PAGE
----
June 9, 2023

When Rick Rodriguez’s sailboat collided with a whale in the middle of the Pacific Ocean earlier this month, it sank in about 15 minutes. But not before he and his three sailors escape with essentials and cutting-edge communications equipment.

One is a pocket-sized satellite device that Mr Rodriguez can use to call his brother thousands of miles away on land from his life raft. The call will kick-start successful rescue operations for sailors on board other ships in the region who have satellite internet access.

“Technology has saved our lives,” Mr. Rodriguez later wrote in an account, typing on his iPhone from the sailboat that rescued him and his crew.

Those involved in the roughly nine-hour rescue said it illustrated how new satellite technology, particularly the Starlink internet system, operated by rocket company SpaceX since 2019, has dramatically improved emergency conditions for sailors stranded at sea and those trying to find them. Communication options.

“All sailors want to help,” said Mr Rodriguez’s friend Tommy Joyce, who helped organize the rescue from his own sailboat. “But it just makes it easier to coordinate and help crew members in distress.”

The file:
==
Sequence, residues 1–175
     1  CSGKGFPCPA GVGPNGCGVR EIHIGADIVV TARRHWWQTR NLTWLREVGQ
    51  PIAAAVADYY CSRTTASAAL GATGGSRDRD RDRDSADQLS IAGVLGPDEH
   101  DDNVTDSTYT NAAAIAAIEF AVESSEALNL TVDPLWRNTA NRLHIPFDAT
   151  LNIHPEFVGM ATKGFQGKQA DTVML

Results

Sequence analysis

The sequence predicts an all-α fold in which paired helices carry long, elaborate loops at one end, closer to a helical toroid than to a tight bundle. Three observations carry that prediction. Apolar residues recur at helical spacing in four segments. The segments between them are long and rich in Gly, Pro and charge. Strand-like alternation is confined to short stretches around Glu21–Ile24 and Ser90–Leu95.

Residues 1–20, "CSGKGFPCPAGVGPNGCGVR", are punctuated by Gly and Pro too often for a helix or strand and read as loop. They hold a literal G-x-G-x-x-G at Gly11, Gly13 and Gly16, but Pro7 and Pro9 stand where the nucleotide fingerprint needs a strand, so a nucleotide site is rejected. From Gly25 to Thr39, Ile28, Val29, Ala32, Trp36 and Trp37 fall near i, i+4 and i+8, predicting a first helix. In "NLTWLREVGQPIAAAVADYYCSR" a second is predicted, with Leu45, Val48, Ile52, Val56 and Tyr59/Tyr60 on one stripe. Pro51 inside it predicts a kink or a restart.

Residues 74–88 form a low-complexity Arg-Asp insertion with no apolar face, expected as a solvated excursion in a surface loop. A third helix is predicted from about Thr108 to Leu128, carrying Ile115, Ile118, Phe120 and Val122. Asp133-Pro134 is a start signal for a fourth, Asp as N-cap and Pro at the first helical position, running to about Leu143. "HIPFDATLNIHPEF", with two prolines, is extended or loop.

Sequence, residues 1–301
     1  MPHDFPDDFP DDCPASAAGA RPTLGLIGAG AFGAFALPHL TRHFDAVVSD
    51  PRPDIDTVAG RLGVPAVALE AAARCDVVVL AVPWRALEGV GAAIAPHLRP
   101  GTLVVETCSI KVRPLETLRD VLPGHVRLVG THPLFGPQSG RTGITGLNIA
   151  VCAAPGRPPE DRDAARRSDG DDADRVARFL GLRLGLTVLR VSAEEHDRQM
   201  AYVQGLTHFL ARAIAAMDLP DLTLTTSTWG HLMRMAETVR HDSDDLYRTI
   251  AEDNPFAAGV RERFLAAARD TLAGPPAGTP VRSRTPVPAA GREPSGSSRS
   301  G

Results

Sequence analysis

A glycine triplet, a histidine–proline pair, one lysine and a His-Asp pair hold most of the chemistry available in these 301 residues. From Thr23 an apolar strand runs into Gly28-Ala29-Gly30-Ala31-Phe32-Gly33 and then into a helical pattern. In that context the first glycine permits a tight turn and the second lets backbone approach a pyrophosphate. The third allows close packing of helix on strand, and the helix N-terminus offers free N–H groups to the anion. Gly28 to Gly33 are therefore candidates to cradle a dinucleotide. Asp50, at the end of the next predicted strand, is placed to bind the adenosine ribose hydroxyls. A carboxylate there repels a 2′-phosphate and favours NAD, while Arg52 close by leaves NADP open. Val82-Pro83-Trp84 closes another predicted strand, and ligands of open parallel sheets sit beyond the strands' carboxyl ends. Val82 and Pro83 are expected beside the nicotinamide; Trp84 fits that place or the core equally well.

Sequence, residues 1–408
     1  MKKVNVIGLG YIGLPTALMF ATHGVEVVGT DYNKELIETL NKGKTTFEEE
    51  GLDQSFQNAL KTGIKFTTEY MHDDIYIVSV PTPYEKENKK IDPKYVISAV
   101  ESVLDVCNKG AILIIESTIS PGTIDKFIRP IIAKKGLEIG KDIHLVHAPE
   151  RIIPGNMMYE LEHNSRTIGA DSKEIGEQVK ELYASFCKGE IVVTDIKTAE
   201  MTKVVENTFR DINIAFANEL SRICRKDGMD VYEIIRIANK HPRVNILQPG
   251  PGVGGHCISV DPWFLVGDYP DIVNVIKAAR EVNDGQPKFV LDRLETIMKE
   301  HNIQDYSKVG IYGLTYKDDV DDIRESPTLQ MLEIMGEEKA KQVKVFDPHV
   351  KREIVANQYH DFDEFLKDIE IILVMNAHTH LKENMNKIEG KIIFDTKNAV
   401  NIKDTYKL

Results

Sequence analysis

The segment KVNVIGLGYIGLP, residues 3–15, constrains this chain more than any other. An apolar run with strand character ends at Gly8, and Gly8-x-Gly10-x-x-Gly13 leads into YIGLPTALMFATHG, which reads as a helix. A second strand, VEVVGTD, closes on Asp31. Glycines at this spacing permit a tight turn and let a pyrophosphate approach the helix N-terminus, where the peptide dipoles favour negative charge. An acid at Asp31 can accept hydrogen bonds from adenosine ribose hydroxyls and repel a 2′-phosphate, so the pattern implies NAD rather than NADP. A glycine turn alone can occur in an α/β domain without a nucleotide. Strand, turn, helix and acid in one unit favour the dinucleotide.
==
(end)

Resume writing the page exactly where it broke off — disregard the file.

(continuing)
According to the company, Starlink’s service enables ships to access satellite signals that reach oceans around the world. The fee-based connection allows sailors to reach other ships themselves, rather than relying solely on sending distress signals to government rescue agencies using older satellite communications technology.

But the quick rescue would not have been possible without the battery-operated satellite equipment Mr Rodriguez used to call his brother. According to the U.S. Coast Guard, such devices were only used by recreational sailors for about a decade. The device’s manufacturer, Iridium, said in a statement that the device is “very popular in the nautical community.”